Our ceremonial mace
What do you remember from graduation – the robes and caps? Desperately willing yourself not to trip up on stage? Chances are you probably don’t remember the Mace.
Yet as our graduations have evolved – the venue, the subjects studied and even the University’s name have all changed – the Mace has always remained the same.
About four feet long with a hammered silver shaft and a spiked head of oxidised silver and silver gilt, our Mace was designed by renowned goldsmith Stuart Devlin. It was a gift from the Worshipful Company of Goldsmiths and was presented to the University at the installation of its first Chancellor in 1966.
Many universities have a mace to symbolise their authority and independence. The earliest example dates back to the 15th century, so ours is contemporary in comparison.
This is particularly noticeable during our graduations where it sits alongside the city’s Mace to symbolise the links between town and gown. The city’s was made in 1708 and features an ornate engraved design, contrasting with our much more modern design.
During the graduation procession, the Mace is carried by the Bedel. James Paradise, who usually works as a University Security Officer, explains the role: “The Bedel is required to carry the Mace and their sole purpose is to ensure the safety of the Chancellor to and from the graduation ceremonies.”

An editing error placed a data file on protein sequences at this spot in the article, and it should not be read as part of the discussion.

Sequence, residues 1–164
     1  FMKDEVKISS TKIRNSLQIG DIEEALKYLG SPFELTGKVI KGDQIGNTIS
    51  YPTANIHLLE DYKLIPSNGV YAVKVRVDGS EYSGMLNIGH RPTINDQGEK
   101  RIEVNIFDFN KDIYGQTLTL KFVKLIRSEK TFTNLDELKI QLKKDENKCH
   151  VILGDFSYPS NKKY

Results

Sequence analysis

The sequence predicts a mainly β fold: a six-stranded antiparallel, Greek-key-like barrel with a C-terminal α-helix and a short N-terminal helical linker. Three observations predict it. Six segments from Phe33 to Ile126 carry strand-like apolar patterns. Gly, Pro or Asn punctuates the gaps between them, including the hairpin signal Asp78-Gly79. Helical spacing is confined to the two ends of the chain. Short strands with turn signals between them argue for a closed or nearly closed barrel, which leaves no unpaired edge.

The weight, James admits, can take some getting used to: “My arms start to shake as I have to hold them in the same position for up to 15 minutes, but at least it saves me going to the gym!” Despite that, he prefers to carry it the traditional way (right hand at the foot of the Mace and left hand at the top) rather than resting it on his shoulder, a nod to its origins as a weapon: “I was trained to carry the Mace this way as it shows that the Bedel is ready for anything that may come his or her way!”
However, things don’t always go to plan: “Once, we had just started to process when I accidentally tripped up the Vice-Chancellor! As you can well imagine, I was not that popular and ended up apologising for the rest of the day. Each year I get reminded of this by the Vice-Chancellor, who in fairness did see the funny side.”
Dr Hannah Family, in our Department of Pharmacy and Pharmacology, has taken on the role of Procession Assistant Marshall at recent graduation ceremonies; consequently, she’s definitely noticed the Mace: “I think it’s nice that we have these cultures and traditions within the University. It adds to the grandeur and it’s all part of the charm of graduation.”
Centre of the ceremony
A permanent fixture at graduations, the Mace has become an integral part of the ceremony. But it’s not just its physical presence that’s important. Stuart Devlin may not have considered the future students that would graduate past his Mace, yet his personal statement is uncannily fitting:
“I hope that my work reflects four maxims: that the future is much more important than the past; that creativity is paramount; that skill is fundamental; and that the justification for being a goldsmith is to enrich the way people live and work.”
And what brilliant advice that is for our graduates to take with them into the world.